Juwan Howard explains Hunter Dickinson’s absence vs. Illinois

CHAMPAIGN, Ill. — Juwan Howard wasn’t willing to sacrifice the long-term health of his players for a better chance of winning Friday’s game.

The Michigan men’s basketball head coach decided to seat starting center Hunter Dickinson, the team’s leading scorer and rebounder, and key reserve Brandon Johns Jr. in a critical game at Illinois.

Both players recently contracted COVID-19 and have been feeling the effects. Neither had trained, at least not regularly, in the past week. Johns, a senior, did not travel to Michigan’s previous game, Jan. 4 at Rutgers. Dickinson, a sophomore, did so and said after the game that he had tested negative for COVID three times since the team returned from UCF on Dec. 31.

Both players were at the State Farm Center. Johns even took part in the pre-match warm-ups, but neither saw the pitch in the 68-53 loss.

As a result, Terrance Williams II made his first career start, as a power forward, slipping Moussa Diabaté through the middle. Diabaté, a 210-pound freshman, was assigned to defend National Player of the Year nominee Kofi Cockburn, a 7-foot, 285-pound junior. Diabaté picked up two early fouls. Jaron Faulds, a walk over, replaced him and played 13 minutes. He too had missed a game and practice time after contracting COVID. Even 6-foot-7 Jace Howard saw some defensive possessions against Cockburn, who finished with 21 points on 13 shots.

Michigan fell to 7-7 overall and 1-3 in the Big Ten.

Here is the full response from Juwan Howard, when asked about the absence of Dickinson and Johns.

“These two guys haven’t had a lot of practice time, being out with COVID. Brandon actually caught it before Hunter and was actually experiencing some symptoms. Very difficult for him. I’m no doctor and I’m not going to explain everything about it, but luckily it was great to see him in the flesh and out there supporting his teammates.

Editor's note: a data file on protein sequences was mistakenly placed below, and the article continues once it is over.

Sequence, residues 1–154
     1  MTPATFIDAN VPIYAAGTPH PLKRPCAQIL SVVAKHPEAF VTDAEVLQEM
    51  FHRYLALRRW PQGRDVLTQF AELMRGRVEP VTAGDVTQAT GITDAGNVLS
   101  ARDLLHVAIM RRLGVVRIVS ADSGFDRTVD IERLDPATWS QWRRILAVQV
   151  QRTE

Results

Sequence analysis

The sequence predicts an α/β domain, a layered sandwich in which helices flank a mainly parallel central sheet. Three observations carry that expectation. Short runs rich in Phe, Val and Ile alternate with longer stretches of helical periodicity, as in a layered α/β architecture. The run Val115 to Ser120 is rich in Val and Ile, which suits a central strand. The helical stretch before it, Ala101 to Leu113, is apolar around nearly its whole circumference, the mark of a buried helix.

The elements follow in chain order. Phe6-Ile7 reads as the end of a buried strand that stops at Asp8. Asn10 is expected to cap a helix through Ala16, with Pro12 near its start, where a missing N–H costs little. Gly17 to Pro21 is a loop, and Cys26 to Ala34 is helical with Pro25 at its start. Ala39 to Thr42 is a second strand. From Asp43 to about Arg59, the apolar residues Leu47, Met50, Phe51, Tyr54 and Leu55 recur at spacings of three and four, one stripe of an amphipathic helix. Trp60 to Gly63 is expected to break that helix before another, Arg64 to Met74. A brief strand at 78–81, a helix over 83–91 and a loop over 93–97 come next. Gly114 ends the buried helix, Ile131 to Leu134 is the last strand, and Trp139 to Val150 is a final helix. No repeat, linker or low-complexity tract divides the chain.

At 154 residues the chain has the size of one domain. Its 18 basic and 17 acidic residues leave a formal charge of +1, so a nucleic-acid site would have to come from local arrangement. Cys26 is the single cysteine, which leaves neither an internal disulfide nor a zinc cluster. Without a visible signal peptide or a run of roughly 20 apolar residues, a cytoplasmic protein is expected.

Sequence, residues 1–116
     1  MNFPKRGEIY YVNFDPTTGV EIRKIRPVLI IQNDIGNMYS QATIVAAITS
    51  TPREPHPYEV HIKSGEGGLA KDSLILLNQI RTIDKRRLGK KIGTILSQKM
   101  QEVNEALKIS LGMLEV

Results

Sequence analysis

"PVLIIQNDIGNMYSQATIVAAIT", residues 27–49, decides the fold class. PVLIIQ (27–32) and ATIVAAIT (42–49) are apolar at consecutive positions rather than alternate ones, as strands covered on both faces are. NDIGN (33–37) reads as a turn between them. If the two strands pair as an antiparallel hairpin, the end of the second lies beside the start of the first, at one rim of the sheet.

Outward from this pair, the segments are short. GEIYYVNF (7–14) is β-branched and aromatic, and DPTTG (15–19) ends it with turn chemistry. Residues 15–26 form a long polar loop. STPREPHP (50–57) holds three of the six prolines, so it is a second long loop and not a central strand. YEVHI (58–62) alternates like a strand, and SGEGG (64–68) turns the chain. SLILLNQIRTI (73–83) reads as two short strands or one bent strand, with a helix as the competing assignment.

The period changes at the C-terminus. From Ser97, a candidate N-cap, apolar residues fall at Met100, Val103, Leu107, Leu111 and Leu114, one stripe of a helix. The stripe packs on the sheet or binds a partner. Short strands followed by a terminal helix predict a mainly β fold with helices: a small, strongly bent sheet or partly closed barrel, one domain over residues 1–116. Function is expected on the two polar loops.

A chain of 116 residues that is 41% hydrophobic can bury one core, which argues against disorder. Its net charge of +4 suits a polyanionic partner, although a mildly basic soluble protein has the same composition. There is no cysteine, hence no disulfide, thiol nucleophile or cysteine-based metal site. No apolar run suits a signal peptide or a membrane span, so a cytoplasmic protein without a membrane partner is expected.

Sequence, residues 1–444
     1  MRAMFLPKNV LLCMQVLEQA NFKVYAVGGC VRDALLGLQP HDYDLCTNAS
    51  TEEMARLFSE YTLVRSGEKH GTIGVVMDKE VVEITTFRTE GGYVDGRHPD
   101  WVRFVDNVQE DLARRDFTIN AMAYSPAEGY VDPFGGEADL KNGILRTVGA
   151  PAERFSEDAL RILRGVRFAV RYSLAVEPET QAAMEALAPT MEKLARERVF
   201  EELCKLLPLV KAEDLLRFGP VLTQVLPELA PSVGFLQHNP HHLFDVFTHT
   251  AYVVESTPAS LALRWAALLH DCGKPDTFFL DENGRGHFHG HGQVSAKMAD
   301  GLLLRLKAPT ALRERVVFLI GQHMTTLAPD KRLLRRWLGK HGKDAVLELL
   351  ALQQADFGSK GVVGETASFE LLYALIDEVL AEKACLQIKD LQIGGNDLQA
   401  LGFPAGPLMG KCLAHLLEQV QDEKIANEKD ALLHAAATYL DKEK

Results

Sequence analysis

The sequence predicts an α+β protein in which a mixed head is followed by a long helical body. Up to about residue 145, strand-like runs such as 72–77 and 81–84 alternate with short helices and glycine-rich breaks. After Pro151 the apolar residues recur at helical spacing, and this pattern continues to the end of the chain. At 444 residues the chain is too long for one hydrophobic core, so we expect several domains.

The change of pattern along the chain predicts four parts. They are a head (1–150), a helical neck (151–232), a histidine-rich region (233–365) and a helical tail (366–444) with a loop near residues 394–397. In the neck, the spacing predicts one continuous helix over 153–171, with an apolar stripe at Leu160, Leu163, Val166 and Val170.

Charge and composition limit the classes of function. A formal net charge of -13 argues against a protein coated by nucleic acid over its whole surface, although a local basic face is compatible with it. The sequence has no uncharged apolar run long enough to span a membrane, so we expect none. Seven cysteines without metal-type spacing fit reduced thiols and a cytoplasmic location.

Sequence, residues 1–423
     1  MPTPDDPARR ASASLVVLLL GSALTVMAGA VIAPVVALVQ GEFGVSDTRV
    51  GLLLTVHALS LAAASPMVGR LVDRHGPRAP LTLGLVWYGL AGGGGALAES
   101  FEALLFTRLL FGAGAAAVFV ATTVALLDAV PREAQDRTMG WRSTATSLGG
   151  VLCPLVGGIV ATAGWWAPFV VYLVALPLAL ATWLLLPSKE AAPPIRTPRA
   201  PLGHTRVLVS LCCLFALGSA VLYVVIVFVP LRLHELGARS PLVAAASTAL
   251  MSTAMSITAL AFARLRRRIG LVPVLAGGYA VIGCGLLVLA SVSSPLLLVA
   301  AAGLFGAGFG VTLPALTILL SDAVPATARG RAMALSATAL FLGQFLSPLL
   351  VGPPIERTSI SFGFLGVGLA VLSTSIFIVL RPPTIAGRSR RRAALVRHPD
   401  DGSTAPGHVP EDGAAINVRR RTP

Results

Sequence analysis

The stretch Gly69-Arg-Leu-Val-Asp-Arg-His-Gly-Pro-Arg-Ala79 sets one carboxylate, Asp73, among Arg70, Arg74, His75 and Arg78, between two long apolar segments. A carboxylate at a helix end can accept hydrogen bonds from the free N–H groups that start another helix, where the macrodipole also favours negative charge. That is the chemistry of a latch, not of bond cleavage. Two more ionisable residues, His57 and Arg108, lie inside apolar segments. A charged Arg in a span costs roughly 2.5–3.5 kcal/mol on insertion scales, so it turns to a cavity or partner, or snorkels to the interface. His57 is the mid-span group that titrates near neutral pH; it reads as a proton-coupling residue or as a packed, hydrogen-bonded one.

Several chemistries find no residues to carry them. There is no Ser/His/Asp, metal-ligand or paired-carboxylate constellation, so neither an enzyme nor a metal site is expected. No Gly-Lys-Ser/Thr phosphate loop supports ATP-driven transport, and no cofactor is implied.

“Hunter is one of the guys who caught it a little later than Brandon and he’s another guy who hasn’t had a chance to really practice. The doctor cleared them and said they were in better health. I didn’t feel comfortable putting them out there in a game with no practice time because all that’s going to do is put them in a tight spot where they could possibly — thank goodness that doesn’t was not the case — you never know how this situation would end. Overall, they are here to support their brothers.

Whether either will be available for Tuesday’s home game against Maryland remains to be seen. Second-year guard Zeb Jackson also did not travel for the second straight game for, according to a team spokesman, “personal reasons.”

Playing shorthanded, Howard was pleased with his team’s efforts. Nine Wolverines played Illinois, but not the typical group.

“Sometimes when you only have eight or seven guys, you end up playing your best game because the guys are so determined to know that we have to do it for each other,” Howard said.

Despite the loss, Howard remained positive.

“I’m still in the trenches with this group and I’m so proud of how they approached these unfortunate circumstances,” he said. “Going out with passion and fight.”

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